From England to Egypt, accompanied by his elegant and trustworthy sidekicks, the intelligent yet eccentrically-refined Belgian detective Hercule Poirot pits his wits against a collection of first class deceptions.
As WW2 rages around the world, DCS Foyle fights his own war on the home-front as he investigates crimes on the south coast of England. Later series sees the retired detective working as an MI5 agent operating in the aftermath of the war.
Based on Agatha Christie's crime novels and short stories, the show follows the adventures of Miss Jane Marple, an elderly spinster living in the quiet little village of St Mary Mead. During her many visits to friends and relatives in other villages, Miss Marple often stumbles upon mysterious murders which she helps solve. Although the police are sometimes reluctant to accept Miss Marple's help, her reputation and unparalleled powers of observation eventually win them over. Written by
The twenty-three episodes of this series are adapted from Agatha Christie's twelve feature length novels featuring Miss Marple, two Miss Marple short stories, and nine feature length novels that do not feature Miss Marple in them at all. See more »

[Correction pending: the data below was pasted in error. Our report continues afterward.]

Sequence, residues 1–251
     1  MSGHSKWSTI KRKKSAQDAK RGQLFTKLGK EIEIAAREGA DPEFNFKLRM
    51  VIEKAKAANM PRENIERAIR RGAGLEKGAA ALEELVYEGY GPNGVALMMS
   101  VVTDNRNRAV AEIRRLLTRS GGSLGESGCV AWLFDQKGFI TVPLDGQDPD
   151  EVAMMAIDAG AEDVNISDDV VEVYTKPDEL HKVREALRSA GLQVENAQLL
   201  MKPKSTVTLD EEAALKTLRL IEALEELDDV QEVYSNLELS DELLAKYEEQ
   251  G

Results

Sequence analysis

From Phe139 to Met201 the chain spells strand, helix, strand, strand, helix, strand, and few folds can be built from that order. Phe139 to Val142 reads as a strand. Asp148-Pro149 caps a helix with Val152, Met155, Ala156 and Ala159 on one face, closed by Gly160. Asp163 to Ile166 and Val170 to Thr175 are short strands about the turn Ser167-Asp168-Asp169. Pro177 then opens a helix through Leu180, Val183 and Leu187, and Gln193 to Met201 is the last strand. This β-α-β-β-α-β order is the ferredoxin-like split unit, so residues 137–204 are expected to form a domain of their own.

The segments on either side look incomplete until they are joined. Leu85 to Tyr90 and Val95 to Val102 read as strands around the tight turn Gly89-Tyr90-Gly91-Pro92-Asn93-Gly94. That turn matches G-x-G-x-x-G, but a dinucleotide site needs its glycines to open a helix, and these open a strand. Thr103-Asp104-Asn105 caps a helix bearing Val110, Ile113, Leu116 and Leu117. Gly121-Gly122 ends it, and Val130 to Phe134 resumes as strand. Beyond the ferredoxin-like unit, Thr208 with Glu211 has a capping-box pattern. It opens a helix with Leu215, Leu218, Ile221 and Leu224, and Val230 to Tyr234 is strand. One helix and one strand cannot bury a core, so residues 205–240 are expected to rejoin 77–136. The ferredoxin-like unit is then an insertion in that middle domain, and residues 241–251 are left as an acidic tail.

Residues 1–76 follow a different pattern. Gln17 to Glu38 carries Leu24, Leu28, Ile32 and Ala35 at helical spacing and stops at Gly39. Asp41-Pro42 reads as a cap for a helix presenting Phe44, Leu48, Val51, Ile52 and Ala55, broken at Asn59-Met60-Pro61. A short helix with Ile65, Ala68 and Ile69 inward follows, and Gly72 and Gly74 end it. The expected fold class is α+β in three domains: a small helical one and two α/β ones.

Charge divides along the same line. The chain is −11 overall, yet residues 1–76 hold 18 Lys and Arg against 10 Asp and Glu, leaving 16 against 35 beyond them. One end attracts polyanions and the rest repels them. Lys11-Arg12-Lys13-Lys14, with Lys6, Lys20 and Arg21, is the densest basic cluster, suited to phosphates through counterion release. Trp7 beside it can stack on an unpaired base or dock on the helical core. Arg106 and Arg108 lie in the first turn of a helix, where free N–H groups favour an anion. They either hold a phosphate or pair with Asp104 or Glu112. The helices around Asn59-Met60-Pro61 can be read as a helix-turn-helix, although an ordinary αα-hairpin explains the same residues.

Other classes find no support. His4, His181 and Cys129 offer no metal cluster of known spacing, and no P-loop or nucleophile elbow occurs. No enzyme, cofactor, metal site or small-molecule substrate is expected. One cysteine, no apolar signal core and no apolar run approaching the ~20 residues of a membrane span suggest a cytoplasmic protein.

I read and enjoyed all the Agatha Christies when I was a teenager. Despite this I love these adaptions, and I enjoy the new twists we get in the screenplays.
I have to say that Geraldine McEwan for me is the consummate Miss Marple, as envisaged by Agatha Christie, managing to combine the ideas of sweet little old lady, knitting pink woollies for babies, with intelligence, humour and determination. 'Just passing were you, Miss Marple?' 'Oh, Mr Burton!'
Julia McKenzie is not nearly as successful - have you noticed that her garb is far more severe, with jackets, stiff collars and plain hats rather than the cardigans, and flowery hats of McEwen? Even Joan Hickson, in the earlier series filmed in the 80s and early 90s, does not match EcEwan for authenticity.
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